In the Journal of Sport & Exercise Psychology, 1992, Vo. 14, pgs. 309 – 325, a study performed by Jill Black and Maureen R. Weiss of the University of Oregon wrote that, based upon their study to examine the “relationships between perceived coaching behaviors and (a) perceptions of ability and (b) motivation in competitive age-group swimmers”, that in the group of 15 – 18 year-olds, the female swimmers, “who perceived higher frequencies of information, praise, and encouragement plus information, and lower frequencies of criticism, had higher levels of self-perceptions of ability, enjoyment, effort, and challenge motivation.” They concluded that, “[t]hus, coaching responses that were negative, even if they provided information, were detrimental to these swimmers’ self-perceptions of ability and motivation.” These findings are similar to work performed by Smith and Smoll who found that, “coaches who displayed more encouragement, positive reinforcement, and instruction and less criticism had players who enjoyed baseball more and had higher levels of self-esteem…..coaches’ behaviors not only influenced sport enjoyment and self-esteem…but also influenced perceived success, effort, and preference for optimally challenging activities.” Black and Weiss, pg. 321.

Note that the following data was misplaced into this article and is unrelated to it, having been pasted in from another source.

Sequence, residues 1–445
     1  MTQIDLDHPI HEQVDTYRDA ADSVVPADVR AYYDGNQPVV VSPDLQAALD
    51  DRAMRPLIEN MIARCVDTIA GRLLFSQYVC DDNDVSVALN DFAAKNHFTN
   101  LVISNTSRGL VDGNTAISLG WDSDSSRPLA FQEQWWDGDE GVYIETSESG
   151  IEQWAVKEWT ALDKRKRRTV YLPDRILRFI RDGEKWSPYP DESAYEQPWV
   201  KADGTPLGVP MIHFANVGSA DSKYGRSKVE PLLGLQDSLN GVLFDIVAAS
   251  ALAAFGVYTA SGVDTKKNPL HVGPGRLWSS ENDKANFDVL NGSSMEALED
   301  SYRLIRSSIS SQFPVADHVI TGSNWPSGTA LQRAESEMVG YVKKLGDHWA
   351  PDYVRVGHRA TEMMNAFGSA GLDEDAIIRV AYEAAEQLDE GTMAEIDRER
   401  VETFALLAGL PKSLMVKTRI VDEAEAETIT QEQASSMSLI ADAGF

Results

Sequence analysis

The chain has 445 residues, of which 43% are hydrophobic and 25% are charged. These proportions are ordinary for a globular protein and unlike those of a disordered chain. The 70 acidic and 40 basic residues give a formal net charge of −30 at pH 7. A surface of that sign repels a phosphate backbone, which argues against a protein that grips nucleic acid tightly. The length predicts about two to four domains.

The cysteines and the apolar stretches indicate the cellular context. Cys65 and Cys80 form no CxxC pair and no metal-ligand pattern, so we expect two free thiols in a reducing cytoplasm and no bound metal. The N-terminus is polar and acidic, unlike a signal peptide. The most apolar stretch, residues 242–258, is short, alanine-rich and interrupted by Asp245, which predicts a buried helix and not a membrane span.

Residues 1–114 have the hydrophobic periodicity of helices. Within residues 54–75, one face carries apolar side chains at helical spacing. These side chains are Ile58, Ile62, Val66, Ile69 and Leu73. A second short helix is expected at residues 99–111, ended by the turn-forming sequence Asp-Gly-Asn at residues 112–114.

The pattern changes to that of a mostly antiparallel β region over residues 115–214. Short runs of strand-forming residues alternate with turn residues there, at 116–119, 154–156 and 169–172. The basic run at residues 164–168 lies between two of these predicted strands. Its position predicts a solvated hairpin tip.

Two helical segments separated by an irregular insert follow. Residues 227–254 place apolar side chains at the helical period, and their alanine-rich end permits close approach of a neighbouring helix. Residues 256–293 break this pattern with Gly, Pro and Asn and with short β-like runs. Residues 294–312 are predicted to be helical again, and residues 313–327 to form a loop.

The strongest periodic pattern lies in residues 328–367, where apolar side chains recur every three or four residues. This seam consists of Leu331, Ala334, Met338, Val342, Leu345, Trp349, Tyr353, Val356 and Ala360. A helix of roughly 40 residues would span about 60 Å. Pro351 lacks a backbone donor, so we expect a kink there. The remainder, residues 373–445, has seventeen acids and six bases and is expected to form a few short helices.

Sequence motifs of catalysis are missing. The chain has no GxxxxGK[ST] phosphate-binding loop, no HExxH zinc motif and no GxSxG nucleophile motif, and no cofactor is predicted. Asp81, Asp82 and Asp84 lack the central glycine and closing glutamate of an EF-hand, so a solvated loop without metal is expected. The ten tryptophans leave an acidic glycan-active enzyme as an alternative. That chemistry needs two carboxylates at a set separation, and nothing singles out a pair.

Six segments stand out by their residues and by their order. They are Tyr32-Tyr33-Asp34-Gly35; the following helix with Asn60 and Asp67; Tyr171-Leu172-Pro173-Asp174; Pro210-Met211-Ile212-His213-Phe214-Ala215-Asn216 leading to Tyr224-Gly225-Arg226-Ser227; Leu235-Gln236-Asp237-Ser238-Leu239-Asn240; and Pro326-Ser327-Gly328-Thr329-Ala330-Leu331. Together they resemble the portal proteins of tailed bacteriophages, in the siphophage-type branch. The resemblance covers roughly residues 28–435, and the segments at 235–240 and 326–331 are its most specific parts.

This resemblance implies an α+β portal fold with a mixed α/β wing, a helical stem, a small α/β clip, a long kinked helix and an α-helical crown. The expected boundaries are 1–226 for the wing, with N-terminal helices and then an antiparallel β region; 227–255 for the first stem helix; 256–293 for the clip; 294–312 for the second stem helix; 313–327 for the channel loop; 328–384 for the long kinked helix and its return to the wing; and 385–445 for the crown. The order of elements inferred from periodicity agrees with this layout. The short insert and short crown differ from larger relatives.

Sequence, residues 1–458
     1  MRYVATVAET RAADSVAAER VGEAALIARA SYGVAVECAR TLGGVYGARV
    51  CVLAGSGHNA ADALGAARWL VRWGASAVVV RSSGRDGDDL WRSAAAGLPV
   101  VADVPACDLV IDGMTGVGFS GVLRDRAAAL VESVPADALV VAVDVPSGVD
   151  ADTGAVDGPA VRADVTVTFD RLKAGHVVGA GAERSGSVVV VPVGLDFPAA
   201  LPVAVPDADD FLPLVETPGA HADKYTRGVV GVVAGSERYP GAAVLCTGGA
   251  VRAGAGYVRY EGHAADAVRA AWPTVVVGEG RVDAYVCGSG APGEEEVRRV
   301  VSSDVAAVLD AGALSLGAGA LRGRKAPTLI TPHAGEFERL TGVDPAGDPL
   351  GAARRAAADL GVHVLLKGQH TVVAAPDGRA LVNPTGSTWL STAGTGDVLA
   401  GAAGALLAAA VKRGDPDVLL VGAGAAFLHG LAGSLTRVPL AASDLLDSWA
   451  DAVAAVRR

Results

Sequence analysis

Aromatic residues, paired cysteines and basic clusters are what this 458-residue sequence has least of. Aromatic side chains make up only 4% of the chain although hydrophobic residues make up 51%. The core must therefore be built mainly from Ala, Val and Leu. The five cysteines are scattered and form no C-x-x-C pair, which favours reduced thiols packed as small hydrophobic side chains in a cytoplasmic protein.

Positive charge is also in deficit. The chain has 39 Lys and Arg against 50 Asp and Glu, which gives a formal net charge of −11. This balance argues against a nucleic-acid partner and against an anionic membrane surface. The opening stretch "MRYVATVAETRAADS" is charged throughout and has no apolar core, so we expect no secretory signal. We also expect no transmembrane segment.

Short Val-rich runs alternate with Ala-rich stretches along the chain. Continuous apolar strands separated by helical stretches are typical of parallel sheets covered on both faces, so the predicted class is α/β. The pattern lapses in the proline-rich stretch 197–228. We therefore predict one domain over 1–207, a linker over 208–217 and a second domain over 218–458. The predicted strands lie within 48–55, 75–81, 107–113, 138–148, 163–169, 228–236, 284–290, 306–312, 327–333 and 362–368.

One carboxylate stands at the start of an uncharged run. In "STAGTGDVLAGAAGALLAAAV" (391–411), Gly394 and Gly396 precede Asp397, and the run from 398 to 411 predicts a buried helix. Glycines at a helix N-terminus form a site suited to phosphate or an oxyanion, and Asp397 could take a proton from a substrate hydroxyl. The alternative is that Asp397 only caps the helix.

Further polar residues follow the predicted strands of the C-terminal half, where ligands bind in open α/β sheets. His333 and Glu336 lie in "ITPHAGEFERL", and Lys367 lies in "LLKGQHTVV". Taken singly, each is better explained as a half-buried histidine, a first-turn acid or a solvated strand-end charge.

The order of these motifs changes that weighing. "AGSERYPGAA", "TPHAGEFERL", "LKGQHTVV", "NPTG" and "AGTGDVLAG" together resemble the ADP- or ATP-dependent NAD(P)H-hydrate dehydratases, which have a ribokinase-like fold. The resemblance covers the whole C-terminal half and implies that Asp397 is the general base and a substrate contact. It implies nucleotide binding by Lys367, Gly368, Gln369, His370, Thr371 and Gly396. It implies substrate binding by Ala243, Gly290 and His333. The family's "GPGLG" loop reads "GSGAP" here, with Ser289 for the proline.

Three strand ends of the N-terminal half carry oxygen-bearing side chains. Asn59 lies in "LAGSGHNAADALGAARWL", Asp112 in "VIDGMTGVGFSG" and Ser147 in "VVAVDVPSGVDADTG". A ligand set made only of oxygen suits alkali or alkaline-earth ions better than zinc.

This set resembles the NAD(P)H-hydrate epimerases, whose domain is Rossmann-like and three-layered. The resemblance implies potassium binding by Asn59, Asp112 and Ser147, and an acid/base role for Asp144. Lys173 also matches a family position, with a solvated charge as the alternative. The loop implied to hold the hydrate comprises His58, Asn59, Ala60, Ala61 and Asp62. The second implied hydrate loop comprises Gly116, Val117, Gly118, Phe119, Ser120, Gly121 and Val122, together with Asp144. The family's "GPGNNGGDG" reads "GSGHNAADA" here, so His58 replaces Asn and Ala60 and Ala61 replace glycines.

The coach of a young female athlete has a great deal of affect upon the sometimes fragile self-esteem of a young female athlete. There are always exceptions. In my own family, my oldest daughter was All-District in soccer at Rowlett High School and played DS (this is before the Libero came to high school volleyball) on her high school volleyball teams that went undefeated during her Junior and Senior years. She also played setter in a 5-1 offensive scheme on a team that won the MLK tournament in San Antonio. However, all it took to bring her to tears and to doubt herself was to look at her in a stern manner. She hated to displease and pushed herself to never be in that position to displease her coach. My middle daughter, on the other hand, responded best to a coach who would get up in her face. She responded by playing better. She took the aggressive stance of the coach as a challenge and worked to prove the coach wrong. She went on to be All State in volleyball and basketball.